Serving for the match at 30-all, Chen served down the middle and Contreras’ slice backhand return went into the net. On match point, Chen served and attacked the net with a backhand volley down the line. All Contreras could do was get her racquet on the ball as Chen punched her ticket to the NCAA Quarterfinals.

Chen’s second round match against N.C. State’s No. 10 Anna Rogers also went the distance.

Late in the first set against Rogers, Chen hit a backhand down the line winner from inside the baseline to get the break and take a 6-5 lead in the opening frame.

On set point after a few rallies from the baseline, Chen hit a heavy topspin backhand which brought Rogers behind the doubles ally. Rogers hit the backhand crosscourt, but Chen took a few steps backwards and hit an inside-out forehand that Rogers sliced back into the net.

Then in the third game of the second set, Chen hit a crosscourt angle winner from the service line to earn a 2-1 advantage. The Cerritos, Calif., native served out the next game for a 3-1 lead. She then lost the second set 4-6.

On a deuce and game point up 2-1 in the third, Chen hit a forehand winner down the line past Rogers at the net to jump out to the 3-1 lead. At 3-3, Rogers hit a backhand slice long, which put Chen up a break at 4-3. Then after holding serve and winning the first three points of Roger’s service game, Chen needed just one more point for a victory.

Chen returned Roger’s second serve to the Wolfpack junior’s backhand. Chen then hit two inside-out crosscourt forehands to Roger’s backhand again and on the second shot, Rogers chipped the backhand slice past the baseline to conclude the Round of 32 match.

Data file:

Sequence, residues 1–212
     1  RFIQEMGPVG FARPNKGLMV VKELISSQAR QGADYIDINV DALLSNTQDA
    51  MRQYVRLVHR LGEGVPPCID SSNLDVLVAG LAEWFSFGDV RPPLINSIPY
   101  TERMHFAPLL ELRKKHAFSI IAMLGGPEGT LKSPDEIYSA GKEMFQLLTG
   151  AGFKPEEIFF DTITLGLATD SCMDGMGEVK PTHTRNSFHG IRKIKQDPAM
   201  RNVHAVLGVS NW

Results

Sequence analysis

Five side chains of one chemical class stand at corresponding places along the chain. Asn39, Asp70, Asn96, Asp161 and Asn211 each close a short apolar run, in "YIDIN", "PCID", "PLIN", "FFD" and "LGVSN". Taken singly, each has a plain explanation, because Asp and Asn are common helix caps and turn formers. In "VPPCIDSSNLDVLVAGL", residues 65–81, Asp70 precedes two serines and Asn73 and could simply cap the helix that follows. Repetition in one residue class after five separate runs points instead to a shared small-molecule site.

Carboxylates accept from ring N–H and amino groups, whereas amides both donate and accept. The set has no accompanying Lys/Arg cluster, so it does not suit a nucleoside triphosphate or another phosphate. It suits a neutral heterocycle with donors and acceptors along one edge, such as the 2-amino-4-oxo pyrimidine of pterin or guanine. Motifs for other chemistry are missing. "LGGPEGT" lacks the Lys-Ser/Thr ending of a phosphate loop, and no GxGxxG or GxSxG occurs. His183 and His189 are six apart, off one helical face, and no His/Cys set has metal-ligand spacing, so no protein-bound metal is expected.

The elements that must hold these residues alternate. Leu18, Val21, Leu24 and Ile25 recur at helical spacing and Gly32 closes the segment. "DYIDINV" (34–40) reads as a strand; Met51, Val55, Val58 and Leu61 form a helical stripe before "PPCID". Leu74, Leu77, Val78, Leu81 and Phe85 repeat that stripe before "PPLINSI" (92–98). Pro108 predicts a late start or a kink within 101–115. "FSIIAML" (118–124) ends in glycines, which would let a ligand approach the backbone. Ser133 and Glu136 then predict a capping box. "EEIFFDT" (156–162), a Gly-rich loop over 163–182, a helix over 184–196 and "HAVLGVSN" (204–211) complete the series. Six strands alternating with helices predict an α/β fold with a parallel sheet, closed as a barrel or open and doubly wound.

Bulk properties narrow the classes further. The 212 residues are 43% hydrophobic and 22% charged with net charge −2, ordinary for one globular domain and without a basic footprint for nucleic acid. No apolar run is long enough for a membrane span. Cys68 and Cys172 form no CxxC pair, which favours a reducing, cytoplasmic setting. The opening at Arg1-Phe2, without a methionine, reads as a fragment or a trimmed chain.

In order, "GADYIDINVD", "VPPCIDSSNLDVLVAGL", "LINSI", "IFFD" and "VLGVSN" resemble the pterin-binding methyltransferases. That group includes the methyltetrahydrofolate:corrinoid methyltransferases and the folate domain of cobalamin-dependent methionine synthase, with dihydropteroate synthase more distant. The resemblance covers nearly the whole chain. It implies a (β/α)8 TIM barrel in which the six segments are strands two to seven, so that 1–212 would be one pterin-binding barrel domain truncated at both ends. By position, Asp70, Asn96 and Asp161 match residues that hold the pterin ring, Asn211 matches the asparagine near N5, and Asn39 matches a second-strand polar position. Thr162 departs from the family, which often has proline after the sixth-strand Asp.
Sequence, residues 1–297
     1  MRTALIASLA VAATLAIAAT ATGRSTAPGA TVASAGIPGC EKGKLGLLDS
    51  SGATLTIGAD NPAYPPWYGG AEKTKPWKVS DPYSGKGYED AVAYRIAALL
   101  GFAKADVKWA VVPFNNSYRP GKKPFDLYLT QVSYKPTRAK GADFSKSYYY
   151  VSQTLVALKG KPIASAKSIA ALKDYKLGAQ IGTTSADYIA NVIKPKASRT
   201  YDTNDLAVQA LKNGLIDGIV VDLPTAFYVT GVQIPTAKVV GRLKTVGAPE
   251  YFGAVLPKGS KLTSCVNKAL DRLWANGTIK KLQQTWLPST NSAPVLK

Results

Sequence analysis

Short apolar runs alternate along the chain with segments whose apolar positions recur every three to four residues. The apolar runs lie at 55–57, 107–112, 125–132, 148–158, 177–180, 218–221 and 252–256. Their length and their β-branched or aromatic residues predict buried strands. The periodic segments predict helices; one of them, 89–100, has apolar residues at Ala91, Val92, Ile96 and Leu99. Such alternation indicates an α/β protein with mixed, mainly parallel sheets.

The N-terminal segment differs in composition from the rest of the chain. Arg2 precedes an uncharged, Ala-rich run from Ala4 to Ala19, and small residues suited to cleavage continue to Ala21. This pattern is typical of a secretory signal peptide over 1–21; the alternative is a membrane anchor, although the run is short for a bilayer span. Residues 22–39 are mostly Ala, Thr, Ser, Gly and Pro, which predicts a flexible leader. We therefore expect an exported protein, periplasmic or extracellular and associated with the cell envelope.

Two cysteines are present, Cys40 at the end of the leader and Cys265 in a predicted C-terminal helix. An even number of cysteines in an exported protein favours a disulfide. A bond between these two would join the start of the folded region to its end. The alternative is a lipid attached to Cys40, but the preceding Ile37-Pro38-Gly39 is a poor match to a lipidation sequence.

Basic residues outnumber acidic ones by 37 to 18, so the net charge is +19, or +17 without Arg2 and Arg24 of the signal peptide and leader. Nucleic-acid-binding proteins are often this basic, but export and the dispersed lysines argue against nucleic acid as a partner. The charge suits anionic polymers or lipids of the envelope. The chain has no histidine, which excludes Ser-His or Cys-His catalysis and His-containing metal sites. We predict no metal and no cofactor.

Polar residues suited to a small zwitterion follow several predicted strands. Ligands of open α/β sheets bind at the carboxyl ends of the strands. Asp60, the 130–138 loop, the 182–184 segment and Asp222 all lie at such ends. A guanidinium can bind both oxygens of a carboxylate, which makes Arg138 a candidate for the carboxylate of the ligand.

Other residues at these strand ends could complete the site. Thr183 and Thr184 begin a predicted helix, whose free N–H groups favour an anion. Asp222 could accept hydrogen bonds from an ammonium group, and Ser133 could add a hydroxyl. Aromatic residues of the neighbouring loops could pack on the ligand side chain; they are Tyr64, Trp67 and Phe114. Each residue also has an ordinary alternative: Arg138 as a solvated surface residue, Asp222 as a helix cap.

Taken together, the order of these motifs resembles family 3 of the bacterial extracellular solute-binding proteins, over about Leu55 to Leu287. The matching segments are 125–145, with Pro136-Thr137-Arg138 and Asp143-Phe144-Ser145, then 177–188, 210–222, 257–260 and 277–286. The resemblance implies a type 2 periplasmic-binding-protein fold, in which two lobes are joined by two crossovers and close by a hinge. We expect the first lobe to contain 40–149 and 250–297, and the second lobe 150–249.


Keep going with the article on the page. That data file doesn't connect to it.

In the first round, Chen took on Pepperdine’s No. 53 Jessica Failla. After the Blue Devil sophomore won the first set 6-2, she closed out the straight-set victory 6-4 in the second.

Chen was joined by Duke freshman No. 11 Maria Mateas and junior No. 33 Meible Chi.

Seeded in the 9-16 range, Mateas matched up with Illinois sophomore No. 43 Asuka Kawai in the first round. The Duke freshman took the first set 6-3 before she lost the second and third sets 2-6 and 3-6, respectively.

No. 33 Chi lost to UCLA’s No. 45 Jada Hart 1-6, 1-6 to conclude her successful junior season.

The Blue Devils also received on entry in the doubles 32-team draw. Pairing up for the first time since March 6, Duke seniors No. 18 Ellyse Hamlin and Kaitlyn McCarthy were matched up the tournament’s top seed from Southern California, Angela Kulikov and Rianna Valdes.

“They show up day in, day out in practice, in the weight room, as student-athletes in the classroom,” Manasse said. “They fought and competed and left it all out there on the court in doubles. But that wasn’t what impresses me the most, it’s kind of just how they conduct themselves for their whole career and they are Blue Devils for life.”

In what turned out to be their final collegiate match, the Blue Devil tandem fell in the first set 1-6 and lost the second set 3-6.

Chen will take on a familiar foe in North Carolina’s No. 20 Sara Daavettila Thursday evening at the USTA National Campus. On April 21 in the ACC Conference Championship, the Duke sophomore came from a set down to win the third singles match by the score of 6-7(1), 6-0, 6-1.

“First off, she has to take care of her body tonight. Eat right and rest. Make sure she’s properly hydrated and then we’ll talk to her again tomorrow about the proper game plan,” Manasse said. “She’s playing a familiar opponent in Daavettila. She knows her strengths and weaknesses and how she can impose her game. If she goes out aggressively again, she’ll be fine.”

Comments